Something very subtle and successful has happened in the Office of Admissions. Staff have implemented academic policies, created a system of partnerships, and established an outreach plan so effective that enrollment has shifted. Today one in three students attending ISU is a transfer. 

Nearly half of those graduating each year transferred to Illinois State, which is one of only 11 schools nationally to be recognized by Phi Theta Kappa Transfer Honor Roll annually since its start in 2016. The designation identifies four-year institutions that offer exemplary support for community college transfers. 

Illinois can boast of transfer success overall. The state leads the nation in the rate of bachelor’s degree completion by community college students who go on to attend a four-year school. Within the state, ISU is a clear leader in connecting with transfer students. 

The University enrolls approximately 2,200 transfers annually, with 81 percent coming from community colleges. About a third have an associate’s degree, nearly a fourth are from an under-represented group, and 21 percent are first-generation college students. The cohort has an 89.9 percent retention rate. 

“Transfers are becoming a more important population, and ISU has its finger on the pulse,” said Samantha Meranda ’10, assistant director of transfer recruitment in Admissions. She has seen the commitment to the cohort intensify. There are now three people dedicated to working with transfers in Admissions. They all communicate that the different path is understood and respected. 

“For many students, it’s a financial decision. During the pandemic, there were those who wanted to stay closer to home. Others are still undecided and recognize community college is a good way to explore options,” Meranda said.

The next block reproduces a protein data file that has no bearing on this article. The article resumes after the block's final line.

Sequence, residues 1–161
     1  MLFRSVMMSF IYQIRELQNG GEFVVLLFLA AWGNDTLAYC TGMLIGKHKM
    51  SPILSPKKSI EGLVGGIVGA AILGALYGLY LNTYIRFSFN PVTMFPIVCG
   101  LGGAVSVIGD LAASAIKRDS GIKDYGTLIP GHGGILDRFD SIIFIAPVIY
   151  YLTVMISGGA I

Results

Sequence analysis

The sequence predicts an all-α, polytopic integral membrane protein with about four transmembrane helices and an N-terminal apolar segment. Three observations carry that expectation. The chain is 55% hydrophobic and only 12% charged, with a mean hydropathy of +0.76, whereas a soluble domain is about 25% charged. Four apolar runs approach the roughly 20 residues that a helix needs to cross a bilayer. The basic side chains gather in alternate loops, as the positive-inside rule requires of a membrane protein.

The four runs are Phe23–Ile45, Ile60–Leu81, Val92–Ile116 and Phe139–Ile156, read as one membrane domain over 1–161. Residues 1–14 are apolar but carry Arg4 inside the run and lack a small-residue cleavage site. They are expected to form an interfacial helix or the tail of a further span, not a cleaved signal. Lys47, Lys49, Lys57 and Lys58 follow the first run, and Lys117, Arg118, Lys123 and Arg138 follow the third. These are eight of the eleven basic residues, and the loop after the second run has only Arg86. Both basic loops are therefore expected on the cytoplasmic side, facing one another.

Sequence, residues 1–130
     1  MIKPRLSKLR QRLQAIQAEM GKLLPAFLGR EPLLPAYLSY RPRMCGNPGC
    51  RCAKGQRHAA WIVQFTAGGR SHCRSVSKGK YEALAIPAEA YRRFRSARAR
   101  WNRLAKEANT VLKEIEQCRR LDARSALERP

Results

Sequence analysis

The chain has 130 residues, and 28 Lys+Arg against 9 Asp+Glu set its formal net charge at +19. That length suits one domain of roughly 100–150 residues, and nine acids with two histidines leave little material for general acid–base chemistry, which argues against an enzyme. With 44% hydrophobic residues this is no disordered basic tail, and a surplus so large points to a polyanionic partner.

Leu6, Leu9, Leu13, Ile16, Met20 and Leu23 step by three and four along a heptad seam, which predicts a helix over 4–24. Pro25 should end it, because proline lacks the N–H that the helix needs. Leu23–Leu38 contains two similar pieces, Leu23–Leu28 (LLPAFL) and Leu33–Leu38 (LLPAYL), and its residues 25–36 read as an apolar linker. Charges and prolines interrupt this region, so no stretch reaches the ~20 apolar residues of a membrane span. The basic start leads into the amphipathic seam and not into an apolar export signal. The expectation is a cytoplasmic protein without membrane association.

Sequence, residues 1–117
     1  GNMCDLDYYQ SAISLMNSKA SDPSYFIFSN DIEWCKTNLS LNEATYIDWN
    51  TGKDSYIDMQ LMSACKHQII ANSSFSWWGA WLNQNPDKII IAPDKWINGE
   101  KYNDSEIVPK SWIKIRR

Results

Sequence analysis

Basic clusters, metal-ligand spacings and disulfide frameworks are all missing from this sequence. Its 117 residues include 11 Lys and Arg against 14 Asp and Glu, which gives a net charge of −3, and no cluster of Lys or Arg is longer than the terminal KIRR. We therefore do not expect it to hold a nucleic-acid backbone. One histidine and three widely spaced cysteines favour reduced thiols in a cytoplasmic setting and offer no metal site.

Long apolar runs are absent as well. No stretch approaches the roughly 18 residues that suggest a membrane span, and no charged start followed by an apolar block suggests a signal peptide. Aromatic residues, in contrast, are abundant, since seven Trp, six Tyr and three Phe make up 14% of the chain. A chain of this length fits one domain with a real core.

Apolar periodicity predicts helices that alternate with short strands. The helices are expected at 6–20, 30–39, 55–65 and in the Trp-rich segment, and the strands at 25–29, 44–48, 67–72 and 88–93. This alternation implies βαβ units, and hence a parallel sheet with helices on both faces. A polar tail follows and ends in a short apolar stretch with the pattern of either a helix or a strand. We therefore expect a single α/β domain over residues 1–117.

The Admissions team lets these students know ISU has created an easy path for completion of an undergraduate degree. “We work to debunk the transfer misconceptions that credits won’t transfer, scholarships won’t be available, living on campus or studying abroad won’t be an option, and it will take more than four years to finish,” Meranda said. 

ISU representatives reach students as early as their junior year of high school to make them aware of Redbird Promise, the University’s guaranteed admission program. It eases the worries of students and their parents as they look beyond the community college years. Redbird Promise states that students who complete an associate’s degree with a minimum 2.4 grade point average will be accepted. The agreement is in place with all 48 Illinois community colleges. ISU’s website details courses needed to transfer and how the process works.